The degree of intervention in the foreign exchange market in last month by the reserve bank was the highest for a year-and-a-half, highlighting that the bank might be happy with a rand at more than R7 to the dollar.
"The very strong levels of reserve accumulation over the past three months are welcome, and underscore the belief that the reserve bank is comfortable with a weaker rand, at levels of seven to the dollar or weaker," said independent economic analysts RLJP.
In data released yesterday, gross reserves were reported to have increased by $574million in December to $25,61billion, mainly because of a build-up of $596million in foreign exchange reserves, with gold reserves falling by $22million because of a lower dollar gold price last month.
But net reserves increased by about $817million to $22,99billion. This was mainly because the government repaid a large portion of its outstanding foreign loans. In just three months, the value of outstanding loans has fallen from $3,5billion to $2,75billion.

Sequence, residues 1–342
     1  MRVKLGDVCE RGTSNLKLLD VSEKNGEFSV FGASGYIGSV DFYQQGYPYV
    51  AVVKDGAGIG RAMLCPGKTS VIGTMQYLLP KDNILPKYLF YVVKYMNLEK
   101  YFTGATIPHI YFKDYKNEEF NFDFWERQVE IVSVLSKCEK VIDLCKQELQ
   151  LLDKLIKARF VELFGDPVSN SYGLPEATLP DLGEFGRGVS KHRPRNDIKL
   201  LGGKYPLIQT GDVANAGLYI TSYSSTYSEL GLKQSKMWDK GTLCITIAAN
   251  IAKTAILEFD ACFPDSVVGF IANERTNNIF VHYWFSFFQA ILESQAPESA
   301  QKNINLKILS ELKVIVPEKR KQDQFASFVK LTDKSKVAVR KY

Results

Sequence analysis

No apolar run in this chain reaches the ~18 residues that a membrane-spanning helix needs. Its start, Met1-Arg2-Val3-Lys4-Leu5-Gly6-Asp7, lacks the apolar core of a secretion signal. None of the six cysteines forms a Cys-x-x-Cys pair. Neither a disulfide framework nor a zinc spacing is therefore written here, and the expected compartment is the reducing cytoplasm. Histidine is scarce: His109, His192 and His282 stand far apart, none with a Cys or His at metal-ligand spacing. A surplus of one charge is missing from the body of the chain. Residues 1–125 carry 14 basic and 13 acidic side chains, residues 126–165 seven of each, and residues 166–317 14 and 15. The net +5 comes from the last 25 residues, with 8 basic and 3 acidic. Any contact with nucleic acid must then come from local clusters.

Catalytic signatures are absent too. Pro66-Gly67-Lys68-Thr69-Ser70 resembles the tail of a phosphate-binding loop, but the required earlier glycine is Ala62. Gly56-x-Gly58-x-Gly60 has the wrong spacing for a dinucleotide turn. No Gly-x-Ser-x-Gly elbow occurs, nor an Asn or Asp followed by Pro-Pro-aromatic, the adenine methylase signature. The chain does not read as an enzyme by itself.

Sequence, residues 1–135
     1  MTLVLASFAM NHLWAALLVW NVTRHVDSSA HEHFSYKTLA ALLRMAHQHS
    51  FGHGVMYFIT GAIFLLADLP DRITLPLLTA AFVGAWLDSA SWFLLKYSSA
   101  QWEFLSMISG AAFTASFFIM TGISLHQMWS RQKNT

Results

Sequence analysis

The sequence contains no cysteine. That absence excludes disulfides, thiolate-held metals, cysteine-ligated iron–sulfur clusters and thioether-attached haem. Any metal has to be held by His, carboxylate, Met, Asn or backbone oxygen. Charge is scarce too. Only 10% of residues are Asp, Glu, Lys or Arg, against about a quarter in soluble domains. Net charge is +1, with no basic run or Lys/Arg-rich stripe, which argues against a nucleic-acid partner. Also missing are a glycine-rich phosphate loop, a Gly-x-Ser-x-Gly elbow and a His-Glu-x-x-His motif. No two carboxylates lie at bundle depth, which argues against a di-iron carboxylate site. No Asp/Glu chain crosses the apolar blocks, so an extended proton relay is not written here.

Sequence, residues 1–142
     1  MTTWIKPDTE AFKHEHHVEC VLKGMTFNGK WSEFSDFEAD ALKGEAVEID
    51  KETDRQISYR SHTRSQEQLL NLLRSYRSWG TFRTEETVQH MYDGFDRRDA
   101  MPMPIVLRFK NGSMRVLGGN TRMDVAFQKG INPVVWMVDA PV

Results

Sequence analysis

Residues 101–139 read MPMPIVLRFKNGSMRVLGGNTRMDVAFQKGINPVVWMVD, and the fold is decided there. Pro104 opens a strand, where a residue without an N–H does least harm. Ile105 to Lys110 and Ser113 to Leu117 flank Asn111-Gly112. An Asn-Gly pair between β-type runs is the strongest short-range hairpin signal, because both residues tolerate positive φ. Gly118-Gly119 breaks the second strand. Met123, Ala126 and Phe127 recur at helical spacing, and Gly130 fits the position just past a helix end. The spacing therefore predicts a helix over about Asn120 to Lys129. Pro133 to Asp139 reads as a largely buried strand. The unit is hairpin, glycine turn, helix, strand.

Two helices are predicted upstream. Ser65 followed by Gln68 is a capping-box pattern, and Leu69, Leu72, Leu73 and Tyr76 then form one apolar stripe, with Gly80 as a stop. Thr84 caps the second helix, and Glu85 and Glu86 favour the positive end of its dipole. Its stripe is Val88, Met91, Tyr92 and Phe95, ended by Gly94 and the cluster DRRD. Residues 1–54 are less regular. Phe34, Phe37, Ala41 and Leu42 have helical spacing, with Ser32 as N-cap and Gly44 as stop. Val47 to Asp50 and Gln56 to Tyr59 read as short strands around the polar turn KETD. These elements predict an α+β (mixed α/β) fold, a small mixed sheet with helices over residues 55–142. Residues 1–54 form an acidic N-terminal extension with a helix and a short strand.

Meanwhile, Nedbank's group economics unit said: "The upward trend in reserves implies that capital inflows have been exceeding current account shortfalls. Though this should be comforting from a monetary policy perspective, other recent indicators such as money supply and credit growth have been less comforting."
It said the monetary policy committee would weigh these and other indicators at their meeting on interest rates next month.
"A continuation of recent trends in key indicators will increase the risk of further tightening, whereas any new evidence of a change in consumer behaviour will help to ease the pressure," it said. - I-Net Bridge